As a former worker in the banking sector and business-studies lecturer, Alison MacDonald was comfortable taking her first steps in peer-to-peer lending four years ago.
“I heard about Zopa on a Radio 4 money programme: one of the reporters was explaining how it worked, and he said he had decided to lend £500 initially,” says Alison, 57. “So I decided to dip my toe in and do the same.”
Understanding the risks and returns
Given her financial expertise, Alison fully understood the risks of P2P lending but took the view that the returns on offer were more than worth it – not to mention that the whole system appeared to be considerably fairer to both lenders and borrowers. “I’d worked in banking for many years, and the spreads were much bigger: banks would lend to borrowers at 10%, say, but pay savers just 2%,” she explains.
Building a holiday fund
Since making her initial £500 loans, Alison, from Worcester Park in south-west London, has added steadily to her Zopa account. “It’s my holiday fund really,” she says.
Alison is also looking forward to Zopa’s launch of its Innovative Finance ISA (IFISA) sometime later this year. “I’ve got a couple of fixed-rate cash ISAs which have matured recently, but the rate I’ll get from my bank to reinvest them is around 1%. I want to keep the money inside the ISA wrapper, so I’ll transfer them when Zopa’s ISA is available.”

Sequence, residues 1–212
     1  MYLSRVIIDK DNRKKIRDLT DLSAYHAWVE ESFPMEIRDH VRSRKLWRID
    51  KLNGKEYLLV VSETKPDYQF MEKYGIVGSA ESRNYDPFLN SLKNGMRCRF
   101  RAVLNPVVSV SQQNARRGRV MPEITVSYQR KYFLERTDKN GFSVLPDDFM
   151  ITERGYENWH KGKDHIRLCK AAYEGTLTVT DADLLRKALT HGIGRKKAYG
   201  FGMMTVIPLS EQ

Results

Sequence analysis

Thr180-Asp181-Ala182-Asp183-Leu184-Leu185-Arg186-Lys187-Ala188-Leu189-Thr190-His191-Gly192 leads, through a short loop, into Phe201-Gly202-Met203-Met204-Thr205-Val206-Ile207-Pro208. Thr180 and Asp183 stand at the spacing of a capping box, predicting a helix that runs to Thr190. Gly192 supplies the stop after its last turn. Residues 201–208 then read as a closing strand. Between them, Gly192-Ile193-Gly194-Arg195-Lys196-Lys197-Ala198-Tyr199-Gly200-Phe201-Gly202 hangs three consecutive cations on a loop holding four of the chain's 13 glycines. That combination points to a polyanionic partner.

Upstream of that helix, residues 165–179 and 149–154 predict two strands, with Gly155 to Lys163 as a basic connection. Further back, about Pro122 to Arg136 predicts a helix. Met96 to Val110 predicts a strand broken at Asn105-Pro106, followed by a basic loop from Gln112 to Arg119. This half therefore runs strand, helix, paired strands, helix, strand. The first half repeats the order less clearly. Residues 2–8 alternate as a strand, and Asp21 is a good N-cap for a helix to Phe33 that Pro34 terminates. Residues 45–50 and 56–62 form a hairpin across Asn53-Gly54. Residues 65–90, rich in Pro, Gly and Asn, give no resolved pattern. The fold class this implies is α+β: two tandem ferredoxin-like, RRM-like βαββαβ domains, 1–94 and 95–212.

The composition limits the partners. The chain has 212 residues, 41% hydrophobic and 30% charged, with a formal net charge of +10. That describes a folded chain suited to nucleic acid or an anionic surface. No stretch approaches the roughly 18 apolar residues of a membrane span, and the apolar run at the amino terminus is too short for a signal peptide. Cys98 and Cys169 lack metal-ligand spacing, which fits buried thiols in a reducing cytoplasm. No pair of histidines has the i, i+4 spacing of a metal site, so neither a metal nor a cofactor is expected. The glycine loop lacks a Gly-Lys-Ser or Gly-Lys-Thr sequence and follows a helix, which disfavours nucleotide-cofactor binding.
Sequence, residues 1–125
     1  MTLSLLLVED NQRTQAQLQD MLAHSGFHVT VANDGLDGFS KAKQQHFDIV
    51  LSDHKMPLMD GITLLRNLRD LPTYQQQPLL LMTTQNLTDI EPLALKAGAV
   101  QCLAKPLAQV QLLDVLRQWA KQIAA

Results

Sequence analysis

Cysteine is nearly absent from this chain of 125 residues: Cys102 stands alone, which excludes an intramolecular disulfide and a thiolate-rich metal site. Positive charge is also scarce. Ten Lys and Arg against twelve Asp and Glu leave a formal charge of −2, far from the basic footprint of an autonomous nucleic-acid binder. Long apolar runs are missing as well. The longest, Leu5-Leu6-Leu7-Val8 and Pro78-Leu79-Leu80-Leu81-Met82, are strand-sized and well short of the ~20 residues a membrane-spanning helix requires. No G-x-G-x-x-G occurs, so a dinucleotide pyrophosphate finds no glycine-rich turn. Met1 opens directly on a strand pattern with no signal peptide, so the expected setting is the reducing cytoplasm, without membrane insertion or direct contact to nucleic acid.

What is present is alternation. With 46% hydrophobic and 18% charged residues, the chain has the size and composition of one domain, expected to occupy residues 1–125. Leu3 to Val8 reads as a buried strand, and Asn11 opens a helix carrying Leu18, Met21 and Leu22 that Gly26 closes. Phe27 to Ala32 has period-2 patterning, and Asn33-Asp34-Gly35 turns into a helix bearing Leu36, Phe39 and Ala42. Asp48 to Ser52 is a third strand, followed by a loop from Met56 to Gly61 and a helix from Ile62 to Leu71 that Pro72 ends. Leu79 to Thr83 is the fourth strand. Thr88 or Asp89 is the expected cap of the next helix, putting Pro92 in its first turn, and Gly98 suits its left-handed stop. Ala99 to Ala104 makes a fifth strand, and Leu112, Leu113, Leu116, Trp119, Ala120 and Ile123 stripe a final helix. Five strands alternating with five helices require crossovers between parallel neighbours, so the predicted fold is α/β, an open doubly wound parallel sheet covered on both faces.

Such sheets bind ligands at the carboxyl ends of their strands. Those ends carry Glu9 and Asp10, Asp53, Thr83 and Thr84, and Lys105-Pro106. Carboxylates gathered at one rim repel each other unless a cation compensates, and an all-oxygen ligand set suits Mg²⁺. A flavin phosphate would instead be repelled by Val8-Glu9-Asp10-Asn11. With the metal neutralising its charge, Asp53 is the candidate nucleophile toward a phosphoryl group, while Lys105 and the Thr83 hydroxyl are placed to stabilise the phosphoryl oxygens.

This will take her current Zopa holdings of £2,200 to more than £11,000. However, she says she is happy to stick with the medium-risk Zopa Classic lending option rather than the higher-risk, higher-return Zopa Plus product that the company introduced earlier this year.
Alison says she has recommended P2P lending to some of her friends, and her husband has just made his first loans as well. “When the banks are offering 0.5% on most savings accounts, there is just no point putting your money there.”
How P2P fits into Alison’s finances
She has a broad spread of investments, with some funds in the stock market as well as cash deposit accounts for emergency use. Given the high level of share-price volatility over the past 12 months or so, Alison is well used to dealing with risk – but in her years as a Zopa lender, she has experienced “just a couple” of bad debts and late payments. The Zopa Safeguard fund, which is designed to reduce the impact of any losses, provides Alison with more peace of mind.
Another attraction of Zopa is the fact that its service – matching lenders and borrowers – is very simple, Alison says. “I don’t think I’d want them to get too fancy, for example by offering mortgages.”
Find out more about lending with Zopa.